Degree Name

Doctor of Creative Arts


Faculty of Creative Arts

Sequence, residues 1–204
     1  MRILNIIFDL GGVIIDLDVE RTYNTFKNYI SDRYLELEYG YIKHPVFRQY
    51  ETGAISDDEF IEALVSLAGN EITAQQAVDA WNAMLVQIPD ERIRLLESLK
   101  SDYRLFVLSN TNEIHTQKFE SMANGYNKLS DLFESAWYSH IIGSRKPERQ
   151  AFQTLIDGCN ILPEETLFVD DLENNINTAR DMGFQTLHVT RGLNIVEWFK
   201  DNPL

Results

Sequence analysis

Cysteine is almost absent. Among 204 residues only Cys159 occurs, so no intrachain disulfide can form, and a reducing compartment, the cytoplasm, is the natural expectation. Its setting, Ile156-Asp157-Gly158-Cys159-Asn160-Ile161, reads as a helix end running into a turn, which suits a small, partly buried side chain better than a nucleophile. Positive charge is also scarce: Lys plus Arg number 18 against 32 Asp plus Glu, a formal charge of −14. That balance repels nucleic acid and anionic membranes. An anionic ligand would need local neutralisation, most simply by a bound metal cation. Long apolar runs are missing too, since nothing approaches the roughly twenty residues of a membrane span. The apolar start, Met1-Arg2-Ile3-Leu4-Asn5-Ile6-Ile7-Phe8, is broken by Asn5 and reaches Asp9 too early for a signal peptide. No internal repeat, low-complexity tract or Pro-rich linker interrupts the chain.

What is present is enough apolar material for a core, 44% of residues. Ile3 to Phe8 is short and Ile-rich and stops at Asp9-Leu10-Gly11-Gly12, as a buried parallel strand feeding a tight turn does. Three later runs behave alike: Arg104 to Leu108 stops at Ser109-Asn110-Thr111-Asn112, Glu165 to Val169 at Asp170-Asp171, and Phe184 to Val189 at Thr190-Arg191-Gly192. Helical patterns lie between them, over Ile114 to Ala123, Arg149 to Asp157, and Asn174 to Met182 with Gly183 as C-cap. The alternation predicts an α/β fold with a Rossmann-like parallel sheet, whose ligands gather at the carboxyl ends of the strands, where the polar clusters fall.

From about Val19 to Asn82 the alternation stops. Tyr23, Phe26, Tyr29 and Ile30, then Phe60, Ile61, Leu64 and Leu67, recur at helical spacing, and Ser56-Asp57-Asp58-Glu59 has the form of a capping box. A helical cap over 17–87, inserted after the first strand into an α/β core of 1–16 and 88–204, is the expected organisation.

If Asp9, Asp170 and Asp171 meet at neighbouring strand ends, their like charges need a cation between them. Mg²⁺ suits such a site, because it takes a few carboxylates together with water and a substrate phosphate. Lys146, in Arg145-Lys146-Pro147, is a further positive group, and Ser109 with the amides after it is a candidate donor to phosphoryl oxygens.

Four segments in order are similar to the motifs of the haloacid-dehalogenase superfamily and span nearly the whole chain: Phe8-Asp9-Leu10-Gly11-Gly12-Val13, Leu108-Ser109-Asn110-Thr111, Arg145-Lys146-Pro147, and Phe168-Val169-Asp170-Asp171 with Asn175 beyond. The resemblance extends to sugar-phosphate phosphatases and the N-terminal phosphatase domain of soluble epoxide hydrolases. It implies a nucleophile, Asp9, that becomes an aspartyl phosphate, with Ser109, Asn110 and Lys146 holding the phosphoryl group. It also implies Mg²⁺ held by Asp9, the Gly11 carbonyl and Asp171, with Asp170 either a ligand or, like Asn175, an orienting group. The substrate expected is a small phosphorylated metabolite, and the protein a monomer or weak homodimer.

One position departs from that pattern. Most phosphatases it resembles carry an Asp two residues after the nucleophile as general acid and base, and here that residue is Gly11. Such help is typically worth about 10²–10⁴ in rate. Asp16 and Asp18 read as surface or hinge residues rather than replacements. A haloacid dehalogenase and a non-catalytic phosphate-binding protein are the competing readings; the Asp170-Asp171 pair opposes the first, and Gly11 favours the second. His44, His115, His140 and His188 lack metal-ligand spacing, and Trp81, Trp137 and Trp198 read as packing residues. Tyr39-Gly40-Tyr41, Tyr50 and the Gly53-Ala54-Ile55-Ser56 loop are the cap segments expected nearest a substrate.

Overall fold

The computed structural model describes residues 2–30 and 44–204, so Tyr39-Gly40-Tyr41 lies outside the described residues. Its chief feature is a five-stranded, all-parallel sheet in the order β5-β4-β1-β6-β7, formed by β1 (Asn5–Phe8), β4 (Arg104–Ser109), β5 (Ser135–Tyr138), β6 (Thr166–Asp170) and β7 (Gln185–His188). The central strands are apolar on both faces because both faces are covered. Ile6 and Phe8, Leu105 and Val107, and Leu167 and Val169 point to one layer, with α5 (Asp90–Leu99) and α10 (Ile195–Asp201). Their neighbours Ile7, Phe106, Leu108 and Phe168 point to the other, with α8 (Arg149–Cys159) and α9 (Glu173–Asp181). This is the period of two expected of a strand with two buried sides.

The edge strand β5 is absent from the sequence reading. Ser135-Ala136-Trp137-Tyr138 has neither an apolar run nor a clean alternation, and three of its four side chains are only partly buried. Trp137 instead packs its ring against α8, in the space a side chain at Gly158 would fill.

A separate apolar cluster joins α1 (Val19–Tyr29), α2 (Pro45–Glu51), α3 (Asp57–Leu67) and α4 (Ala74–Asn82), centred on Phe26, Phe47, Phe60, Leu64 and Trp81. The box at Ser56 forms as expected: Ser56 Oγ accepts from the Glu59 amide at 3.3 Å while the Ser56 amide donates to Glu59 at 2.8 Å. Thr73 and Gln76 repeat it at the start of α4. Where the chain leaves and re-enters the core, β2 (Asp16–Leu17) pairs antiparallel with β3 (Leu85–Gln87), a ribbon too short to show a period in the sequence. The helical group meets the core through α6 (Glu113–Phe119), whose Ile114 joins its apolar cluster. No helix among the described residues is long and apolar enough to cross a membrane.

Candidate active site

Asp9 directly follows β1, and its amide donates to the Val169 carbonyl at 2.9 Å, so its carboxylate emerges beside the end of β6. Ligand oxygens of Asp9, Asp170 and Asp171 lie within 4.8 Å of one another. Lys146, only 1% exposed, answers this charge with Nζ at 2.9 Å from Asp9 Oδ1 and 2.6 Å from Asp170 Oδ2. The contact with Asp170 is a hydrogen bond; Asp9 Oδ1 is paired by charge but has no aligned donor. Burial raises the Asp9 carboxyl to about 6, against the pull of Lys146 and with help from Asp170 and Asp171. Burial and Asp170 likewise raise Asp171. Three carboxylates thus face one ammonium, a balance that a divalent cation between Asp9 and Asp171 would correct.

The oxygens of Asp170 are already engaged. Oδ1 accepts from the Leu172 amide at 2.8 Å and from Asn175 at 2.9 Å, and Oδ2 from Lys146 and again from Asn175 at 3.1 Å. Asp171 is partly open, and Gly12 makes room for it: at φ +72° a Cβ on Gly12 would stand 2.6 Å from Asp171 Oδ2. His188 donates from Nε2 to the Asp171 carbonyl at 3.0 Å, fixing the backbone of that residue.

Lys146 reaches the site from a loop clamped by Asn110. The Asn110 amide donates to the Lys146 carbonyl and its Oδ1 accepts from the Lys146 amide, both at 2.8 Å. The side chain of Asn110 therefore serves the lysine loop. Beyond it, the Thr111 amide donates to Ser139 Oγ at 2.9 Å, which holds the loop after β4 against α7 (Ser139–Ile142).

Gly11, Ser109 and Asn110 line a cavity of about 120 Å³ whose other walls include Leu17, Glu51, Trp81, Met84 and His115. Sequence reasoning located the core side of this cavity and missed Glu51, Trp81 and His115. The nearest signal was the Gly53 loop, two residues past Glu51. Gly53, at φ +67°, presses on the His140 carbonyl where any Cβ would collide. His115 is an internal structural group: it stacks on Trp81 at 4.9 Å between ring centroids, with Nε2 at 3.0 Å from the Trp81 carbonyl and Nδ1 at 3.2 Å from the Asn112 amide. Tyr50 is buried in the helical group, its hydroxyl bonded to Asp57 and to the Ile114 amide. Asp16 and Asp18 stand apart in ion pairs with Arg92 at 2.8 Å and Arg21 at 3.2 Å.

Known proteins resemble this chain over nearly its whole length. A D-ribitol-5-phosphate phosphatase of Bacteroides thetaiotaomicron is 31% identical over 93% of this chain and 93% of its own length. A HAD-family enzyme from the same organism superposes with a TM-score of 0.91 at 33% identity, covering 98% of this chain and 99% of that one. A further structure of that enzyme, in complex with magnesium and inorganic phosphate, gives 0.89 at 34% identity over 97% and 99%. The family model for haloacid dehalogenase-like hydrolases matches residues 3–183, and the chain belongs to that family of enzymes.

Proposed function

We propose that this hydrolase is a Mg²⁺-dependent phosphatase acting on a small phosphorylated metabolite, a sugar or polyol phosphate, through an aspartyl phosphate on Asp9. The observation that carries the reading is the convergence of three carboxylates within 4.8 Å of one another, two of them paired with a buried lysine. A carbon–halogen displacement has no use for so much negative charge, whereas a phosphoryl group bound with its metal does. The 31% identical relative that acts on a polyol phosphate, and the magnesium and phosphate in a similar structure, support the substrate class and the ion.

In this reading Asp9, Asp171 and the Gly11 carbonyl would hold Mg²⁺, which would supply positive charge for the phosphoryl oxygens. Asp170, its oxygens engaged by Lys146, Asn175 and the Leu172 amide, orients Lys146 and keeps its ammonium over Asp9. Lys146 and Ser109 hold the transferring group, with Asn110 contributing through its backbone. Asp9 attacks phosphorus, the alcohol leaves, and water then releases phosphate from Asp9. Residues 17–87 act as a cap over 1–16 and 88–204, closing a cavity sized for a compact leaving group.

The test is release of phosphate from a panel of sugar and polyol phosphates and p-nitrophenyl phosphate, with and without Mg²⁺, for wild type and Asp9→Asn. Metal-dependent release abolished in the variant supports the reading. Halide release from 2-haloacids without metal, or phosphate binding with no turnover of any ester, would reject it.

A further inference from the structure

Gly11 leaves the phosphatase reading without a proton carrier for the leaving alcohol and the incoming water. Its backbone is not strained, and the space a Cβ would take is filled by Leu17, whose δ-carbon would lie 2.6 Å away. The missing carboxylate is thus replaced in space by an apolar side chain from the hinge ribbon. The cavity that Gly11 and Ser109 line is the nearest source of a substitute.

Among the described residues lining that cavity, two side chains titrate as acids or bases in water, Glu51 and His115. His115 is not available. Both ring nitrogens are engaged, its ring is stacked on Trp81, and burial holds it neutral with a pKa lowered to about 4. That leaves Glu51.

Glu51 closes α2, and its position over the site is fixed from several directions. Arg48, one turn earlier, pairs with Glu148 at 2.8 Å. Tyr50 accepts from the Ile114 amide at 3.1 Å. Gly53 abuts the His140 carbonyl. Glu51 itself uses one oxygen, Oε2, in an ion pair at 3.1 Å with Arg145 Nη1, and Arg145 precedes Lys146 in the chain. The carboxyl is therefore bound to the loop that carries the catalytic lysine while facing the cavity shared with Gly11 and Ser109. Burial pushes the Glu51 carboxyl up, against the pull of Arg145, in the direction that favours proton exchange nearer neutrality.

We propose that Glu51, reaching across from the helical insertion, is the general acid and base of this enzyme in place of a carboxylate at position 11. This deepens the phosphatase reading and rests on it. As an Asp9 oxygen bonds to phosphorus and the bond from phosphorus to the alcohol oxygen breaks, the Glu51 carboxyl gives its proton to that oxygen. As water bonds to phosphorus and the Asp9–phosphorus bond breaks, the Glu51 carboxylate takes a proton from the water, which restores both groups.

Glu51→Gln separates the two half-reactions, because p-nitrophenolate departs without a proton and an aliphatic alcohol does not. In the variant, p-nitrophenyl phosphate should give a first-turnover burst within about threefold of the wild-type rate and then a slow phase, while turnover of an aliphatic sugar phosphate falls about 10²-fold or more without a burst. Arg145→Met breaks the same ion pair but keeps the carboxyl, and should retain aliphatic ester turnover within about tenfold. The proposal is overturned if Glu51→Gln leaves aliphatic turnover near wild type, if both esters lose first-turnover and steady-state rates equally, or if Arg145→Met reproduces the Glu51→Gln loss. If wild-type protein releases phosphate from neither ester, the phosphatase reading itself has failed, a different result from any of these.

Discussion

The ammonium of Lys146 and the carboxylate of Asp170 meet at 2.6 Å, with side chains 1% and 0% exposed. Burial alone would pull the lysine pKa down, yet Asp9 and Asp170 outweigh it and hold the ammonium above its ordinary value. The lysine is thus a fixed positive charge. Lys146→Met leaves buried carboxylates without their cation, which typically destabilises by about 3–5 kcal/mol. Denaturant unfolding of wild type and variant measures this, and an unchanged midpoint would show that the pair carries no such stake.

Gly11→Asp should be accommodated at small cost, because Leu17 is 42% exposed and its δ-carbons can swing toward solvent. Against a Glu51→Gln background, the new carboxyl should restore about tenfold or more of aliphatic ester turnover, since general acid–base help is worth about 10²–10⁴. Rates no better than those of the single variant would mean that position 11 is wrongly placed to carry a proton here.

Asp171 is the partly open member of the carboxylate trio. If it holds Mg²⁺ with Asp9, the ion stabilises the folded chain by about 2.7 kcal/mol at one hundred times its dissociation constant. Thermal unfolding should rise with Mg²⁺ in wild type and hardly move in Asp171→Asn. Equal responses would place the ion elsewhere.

For this study, two series of abstract paintings have been produced, each demonstrating a distinctive and different working process. The analysis of these methods forms the catalyst and the main focus in the argument for a reappraisal of formalist theory within contemporary art practice. The working methods establish a significant departure from the conventions of painting influenced by formalist theory and culminating in the New York school of Abstract Expressionists in the middle of the twentieth century, where the expressive mark or gesture made by the artist was of paramount value. Instead, methods that provide for a disconnection from the expressive mark have been developed; such as a press and release technique similar to mono-printing; and a method that involves the movement of the canvas support rather than the expressive movement of the hand or arm of the maker. Formalism became the dominant theory in western visual arts in the middle of the twentieth century but for the past forty years has been seriously challenged by postmodern artists, critics and theorists. An historical background of formalism articulated by Roger Fry (1909; 1920), Clive Bell (1958) and Clement Greenberg (1939; 1940; 1960; 1961) is presented together with a critique of formalist thought by Suzi Gablik (1991; 2001), Rosalind Krauss (1981; 1993), and Thomas McEvilley (1990; 1993; 1996). The methods that have been developed in the production of the paintings, and how they relate to the issues raised in the analysis of formalism are discussed. In particular, issues relating to the role of the individual as painter, the disconnection from the expressive mark, and the content and meaning within the work are examined. The contrasting working methods of Irish American artist Sean Scully (b.1945) and German artist Gerhard Richter (b.1932) are used to illustrate this examination. A more moderate approach to formalism rather than the exclusive and extreme position held by Greenberg is proposed, one that still focuses on the formal qualities of the work as a primary consideration in the making and evaluation, but acknowledging other influences within the process of production, which in turn influence the reading of the final work. Many artists such as Mark Rothko (1952), Robert Motherwell (1982) and Howard Hodgkin (1996) have identified the retention of integrity as an essential quality within a painting. Jacques Maritain (1943; 1953) has presented an analysis of how truth and honesty is embedded in painting, but most writers and scholars have largely ignored him. By utilising his arguments, it is argued here that the integrity of the method of production is a vital characteristic in the evaluation of a painting and this thesis explores how it can be corrupted as well as retained. The significance of this body of work is that it extends the range of methods of image making within the field of abstract painting, particularly those that do not involve the expressive mark of the maker. Furthermore, it addresses the issue of integrity within the method of production in the visual arts, which is largely neglected in current literature.